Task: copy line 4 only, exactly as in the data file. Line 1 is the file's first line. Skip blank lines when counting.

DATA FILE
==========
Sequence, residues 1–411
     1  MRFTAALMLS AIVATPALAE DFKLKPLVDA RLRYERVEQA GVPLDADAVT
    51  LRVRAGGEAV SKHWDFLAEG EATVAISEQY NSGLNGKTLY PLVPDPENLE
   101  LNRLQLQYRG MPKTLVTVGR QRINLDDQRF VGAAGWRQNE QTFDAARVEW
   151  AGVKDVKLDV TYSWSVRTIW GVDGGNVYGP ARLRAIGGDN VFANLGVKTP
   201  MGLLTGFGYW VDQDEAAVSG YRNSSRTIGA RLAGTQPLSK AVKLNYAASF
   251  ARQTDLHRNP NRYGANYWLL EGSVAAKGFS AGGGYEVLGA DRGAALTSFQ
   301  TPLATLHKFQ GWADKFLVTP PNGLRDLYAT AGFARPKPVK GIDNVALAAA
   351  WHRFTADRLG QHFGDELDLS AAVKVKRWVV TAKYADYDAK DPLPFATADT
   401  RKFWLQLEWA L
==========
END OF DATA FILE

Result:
   101  LNRLQLQYRG MPKTLVTVGR QRINLDDQRF VGAAGWRQNE QTFDAARVEW